Rice: 'We're Not Planning to Attack Iran'
Associated Press | February 8, 2007
Secretary of State Condoleezza Rice disputed claims Wednesday that the Bush administration bungled a diplomatic overture from Iran that offered a broad dialogue with the United States after nearly a quarter-century of enmity.
Rice told Congress she does not remember seeing the 2003 Iranian proposal, which suggested Iran was ready to discuss its disputed nuclear program, support for militant groups that the United States labels terrorists and the acceptance of Israel.
"We had people who said the Iranians went to talk to you, lots of people who said the Iranians want to talk to you," Rice said during an exchange with Rep. Robert Wexler, D-Fla.
"But I think I would have noticed if the Iranians had said, 'We're ready to recognize Israel,'" Rice said. "I just don't remember ever seeing any such thing."
The document, faxed to the State Department in the early days of the U.S.-led war in Iraq, proposed direct talks, perhaps in Paris. Iraq was at the top of the proposed agenda, with Tehran proposing "active Iranian support for Iraqi stabilization."
The text of the document has been provided to news organizations, including The Associated Press.
"You did not see that supposed fax?" Wexler asked Rice.
"I just have to tell you that perhaps somebody saw something of the like, but I can tell you I would have noticed if the Iranians had offered to recognize Israel," she replied.
The administration dismissed the proposal, which has since become a touchstone for criticism that the Bush administration muffed a chance to avert Iran's rush toward nuclear proficiency that could produce a bomb.
Rice was asked about such criticism from a former National Security Council aide, Flynt Leverett.
"I don't know what Flynt Leverett's talking about, quite frankly," Rice said. "Maybe I should ask him when he came to me and said, 'We have a proposal from Iran and we really ought to take it.'"
Leverett had left the NSC by the time the fax arrived, but he said in an interview that he knows the document was sent to the NSC. It also went to Rice's predecessor as secretary of state, Colin Powell, former officials have said.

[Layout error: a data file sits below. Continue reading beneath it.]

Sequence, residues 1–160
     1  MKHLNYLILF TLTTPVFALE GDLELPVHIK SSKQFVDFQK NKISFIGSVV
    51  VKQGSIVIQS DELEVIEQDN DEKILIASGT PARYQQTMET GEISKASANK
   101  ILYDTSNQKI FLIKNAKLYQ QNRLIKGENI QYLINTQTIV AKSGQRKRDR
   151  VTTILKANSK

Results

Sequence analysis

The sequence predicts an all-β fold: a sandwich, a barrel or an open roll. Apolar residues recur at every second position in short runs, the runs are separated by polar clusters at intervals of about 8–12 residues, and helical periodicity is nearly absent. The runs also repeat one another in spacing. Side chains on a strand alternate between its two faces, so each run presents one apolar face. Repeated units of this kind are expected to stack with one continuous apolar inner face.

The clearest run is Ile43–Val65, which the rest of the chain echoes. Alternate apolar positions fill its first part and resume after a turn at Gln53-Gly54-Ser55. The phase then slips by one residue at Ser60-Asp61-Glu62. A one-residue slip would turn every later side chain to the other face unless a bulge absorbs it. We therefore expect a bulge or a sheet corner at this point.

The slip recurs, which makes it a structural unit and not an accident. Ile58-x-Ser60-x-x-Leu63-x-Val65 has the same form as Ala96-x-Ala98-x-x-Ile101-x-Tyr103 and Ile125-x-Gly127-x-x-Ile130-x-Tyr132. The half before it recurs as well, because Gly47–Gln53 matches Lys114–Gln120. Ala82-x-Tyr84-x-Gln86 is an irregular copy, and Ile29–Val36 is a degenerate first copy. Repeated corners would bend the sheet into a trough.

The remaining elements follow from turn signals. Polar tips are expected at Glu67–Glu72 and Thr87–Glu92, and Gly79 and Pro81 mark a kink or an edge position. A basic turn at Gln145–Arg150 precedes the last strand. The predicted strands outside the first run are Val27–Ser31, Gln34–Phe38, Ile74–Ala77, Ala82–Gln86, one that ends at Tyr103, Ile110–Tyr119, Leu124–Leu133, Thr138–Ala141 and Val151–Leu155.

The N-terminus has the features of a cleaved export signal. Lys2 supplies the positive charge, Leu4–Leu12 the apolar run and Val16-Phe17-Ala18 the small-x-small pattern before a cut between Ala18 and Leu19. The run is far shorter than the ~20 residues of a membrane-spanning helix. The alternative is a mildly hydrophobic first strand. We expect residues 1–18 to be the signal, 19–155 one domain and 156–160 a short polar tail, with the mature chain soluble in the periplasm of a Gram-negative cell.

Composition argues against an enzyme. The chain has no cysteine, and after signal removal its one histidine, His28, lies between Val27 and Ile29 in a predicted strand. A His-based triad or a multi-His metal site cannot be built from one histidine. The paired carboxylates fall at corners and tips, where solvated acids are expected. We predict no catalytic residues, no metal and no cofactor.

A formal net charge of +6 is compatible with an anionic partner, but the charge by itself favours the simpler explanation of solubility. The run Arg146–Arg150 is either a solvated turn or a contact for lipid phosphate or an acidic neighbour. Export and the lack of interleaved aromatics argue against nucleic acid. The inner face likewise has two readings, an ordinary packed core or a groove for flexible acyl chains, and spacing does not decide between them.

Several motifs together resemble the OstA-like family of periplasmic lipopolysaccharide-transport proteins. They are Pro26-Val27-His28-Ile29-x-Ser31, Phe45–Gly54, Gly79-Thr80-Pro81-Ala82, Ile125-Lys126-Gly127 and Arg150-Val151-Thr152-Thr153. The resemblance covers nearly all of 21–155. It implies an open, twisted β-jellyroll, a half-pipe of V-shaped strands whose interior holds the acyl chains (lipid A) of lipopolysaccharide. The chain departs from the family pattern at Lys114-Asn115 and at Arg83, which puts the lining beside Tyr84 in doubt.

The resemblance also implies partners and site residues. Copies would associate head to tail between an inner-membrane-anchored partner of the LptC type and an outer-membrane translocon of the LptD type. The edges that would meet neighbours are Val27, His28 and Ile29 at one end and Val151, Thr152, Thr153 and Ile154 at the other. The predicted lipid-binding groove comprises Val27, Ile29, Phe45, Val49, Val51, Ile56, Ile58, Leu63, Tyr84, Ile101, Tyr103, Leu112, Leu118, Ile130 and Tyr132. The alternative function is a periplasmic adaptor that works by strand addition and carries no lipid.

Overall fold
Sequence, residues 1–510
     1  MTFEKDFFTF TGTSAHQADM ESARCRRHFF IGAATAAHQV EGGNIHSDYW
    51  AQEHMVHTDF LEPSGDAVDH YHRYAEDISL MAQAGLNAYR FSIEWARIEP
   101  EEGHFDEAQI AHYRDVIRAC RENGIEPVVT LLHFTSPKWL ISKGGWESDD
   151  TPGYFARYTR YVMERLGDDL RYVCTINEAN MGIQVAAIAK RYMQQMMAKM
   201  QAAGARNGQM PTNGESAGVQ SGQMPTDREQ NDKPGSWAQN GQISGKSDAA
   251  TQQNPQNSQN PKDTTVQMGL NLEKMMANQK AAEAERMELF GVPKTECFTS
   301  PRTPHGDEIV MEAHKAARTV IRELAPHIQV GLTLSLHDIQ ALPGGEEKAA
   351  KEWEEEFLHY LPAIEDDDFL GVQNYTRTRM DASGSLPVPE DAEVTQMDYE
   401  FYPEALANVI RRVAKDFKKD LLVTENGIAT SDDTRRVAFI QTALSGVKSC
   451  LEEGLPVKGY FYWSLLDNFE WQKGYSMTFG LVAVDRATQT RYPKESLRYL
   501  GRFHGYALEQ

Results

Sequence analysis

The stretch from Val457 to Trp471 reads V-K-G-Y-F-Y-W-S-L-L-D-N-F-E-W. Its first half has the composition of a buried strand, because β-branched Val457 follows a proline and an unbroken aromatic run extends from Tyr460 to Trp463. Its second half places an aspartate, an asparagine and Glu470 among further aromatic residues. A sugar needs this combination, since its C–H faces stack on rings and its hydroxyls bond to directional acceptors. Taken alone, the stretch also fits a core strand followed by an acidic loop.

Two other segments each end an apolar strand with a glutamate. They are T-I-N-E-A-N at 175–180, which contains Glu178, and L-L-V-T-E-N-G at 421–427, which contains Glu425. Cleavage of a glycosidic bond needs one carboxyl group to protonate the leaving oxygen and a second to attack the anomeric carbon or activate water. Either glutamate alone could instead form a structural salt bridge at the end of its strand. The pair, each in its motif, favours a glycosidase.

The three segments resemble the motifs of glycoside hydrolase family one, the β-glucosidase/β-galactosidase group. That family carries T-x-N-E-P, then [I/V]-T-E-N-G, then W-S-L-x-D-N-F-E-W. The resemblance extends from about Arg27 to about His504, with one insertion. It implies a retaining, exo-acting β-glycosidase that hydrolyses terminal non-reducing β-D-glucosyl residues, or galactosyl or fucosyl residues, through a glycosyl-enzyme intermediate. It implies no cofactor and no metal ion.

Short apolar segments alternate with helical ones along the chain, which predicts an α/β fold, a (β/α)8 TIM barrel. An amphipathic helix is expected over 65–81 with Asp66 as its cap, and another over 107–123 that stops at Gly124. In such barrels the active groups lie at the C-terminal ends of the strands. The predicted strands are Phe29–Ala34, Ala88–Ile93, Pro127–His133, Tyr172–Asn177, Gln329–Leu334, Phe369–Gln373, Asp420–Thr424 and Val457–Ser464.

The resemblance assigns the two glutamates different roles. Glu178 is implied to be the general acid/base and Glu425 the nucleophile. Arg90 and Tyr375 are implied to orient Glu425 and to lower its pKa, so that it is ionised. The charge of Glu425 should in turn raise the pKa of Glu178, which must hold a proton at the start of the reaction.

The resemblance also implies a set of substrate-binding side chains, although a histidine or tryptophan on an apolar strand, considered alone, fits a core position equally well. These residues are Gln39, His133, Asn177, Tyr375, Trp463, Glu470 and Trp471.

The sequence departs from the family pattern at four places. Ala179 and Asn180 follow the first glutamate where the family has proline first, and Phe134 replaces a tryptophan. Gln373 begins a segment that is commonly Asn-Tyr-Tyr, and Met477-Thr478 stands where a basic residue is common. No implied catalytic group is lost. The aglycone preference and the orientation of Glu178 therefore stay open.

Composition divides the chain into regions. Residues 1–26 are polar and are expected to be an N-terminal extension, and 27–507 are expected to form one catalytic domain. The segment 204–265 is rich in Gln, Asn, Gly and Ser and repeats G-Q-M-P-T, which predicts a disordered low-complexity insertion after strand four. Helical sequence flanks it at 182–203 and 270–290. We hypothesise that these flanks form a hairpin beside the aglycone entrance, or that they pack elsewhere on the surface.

Leverett said he has never discussed with Rice whether she saw it.
"This administration, out of some combination of ideological blindness and incompetence, couldn't be bothered to explore whether this opportunity was as serious as it looked on paper," Leverett said Wednesday.
Critics also say that engagement in 2003 might have blunted Iranian influence in Iraq. Shiite militias and death squads, some with ties to Iran, are blamed for much of the sectarian violence in Iraq.
In June 2006, Rice had indicated that she was familiar with the proposal. She was asked about the offer during an interview with National Public Radio, and she appeared to provide the first official confirmation that it existed.
"What the Iranians wanted earlier was to be one-on-one with the United States so that this could be about the United States and Iran," Rice said then. She contrasted that with the current U.S. stance, in which the United States has offered to join European-led talks with Iran over its nuclear program if Iran meets preconditions. Iran has refused.
The Bush administration has resisted suggestions, including from the bipartisan Iraq Study Group, that is should engage Iran to try to improve security in next-door Iraq. Lawmakers challenged that position Wednesday and about the administration's current stepped-up rhetoric and seeming provocation of Iraq.
Rice repeated Bush's assurance that "we're not planning or intending an attack on Iran."
"What we are doing is we're responding to a number of Iranian policies both in Iraq and around the world that are actually quite dangerous for our national security," she said.
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